A new machine learning model can classify lung cancer slides at the pathologist level
Machine learning has improved dramatically in recent years and shown great promise in the field of medical image analysis. A team of research specialists at Dartmouth’s Norris Cotton Cancer Center have utilized machine learning capabilities to assist with the challenging task of grading tumor patterns and subtypes of lung adenocarcinoma, the most common form of the leading cause of cancer-related deaths worldwide.
Currently, lung adenocarcinoma, requires pathologist’s visual examination of lobectomy slides to determine the tumor patterns and subtypes. This classification has an important role in prognosis and determination of treatment for lung cancer, however is a difficult and subjective task. Using recent advances in machine learning, the team, led by Saeed Hassanpour, Ph.D., developed a deep neural network to classify different types of lung adenocarcinoma on histopathology slides, and found that the model performed on par with three practicing pathologists.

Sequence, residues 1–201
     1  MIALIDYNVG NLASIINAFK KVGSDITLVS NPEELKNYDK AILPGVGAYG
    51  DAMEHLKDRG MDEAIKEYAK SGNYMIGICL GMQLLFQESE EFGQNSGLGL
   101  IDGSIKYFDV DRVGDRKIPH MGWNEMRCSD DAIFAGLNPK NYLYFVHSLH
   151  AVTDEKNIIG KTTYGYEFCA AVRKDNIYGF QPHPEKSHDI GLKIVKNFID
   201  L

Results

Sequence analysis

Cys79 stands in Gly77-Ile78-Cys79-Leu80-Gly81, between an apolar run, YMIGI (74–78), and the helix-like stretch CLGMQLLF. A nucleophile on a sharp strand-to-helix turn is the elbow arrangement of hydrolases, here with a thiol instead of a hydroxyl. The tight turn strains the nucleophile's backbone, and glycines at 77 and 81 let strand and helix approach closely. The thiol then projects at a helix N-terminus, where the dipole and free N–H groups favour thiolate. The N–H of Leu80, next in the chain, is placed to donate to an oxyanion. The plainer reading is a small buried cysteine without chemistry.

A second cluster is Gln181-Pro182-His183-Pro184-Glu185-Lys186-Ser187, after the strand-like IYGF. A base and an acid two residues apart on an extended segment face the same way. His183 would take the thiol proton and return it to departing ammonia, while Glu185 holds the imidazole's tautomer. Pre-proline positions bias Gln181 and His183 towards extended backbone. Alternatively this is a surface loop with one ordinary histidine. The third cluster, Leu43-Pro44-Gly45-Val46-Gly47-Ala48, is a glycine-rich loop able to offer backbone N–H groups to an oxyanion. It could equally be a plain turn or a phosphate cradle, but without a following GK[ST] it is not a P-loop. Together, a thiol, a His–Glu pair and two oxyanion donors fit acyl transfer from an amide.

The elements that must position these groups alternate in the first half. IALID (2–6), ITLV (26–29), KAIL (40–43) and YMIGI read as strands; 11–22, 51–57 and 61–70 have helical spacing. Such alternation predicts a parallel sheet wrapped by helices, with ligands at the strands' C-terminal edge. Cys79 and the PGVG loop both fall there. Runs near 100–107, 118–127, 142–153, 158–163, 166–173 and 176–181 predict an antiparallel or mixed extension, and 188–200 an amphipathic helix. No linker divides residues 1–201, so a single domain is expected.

“Our study demonstrates that machine learning can achieve high performance on a challenging image classification task and has the potential to be an asset to lung cancer management,” says Hassanpour. “Clinical implementation of our system would be able to assist pathologists for accurate classification of lung cancer subtypes, which is critical for prognosis and treatment.”
The team’s conclusions, “Pathologist-level classification of histologic patterns on resected lung adenocarcinoma slides with deep neural networks” are newly published in Scientific Reports. Recognizing that the approach is potentially applicable to other histopathology image analysis tasks, Hassanpour’s team made their code publicly available to promote new research and collaborations in this domain.
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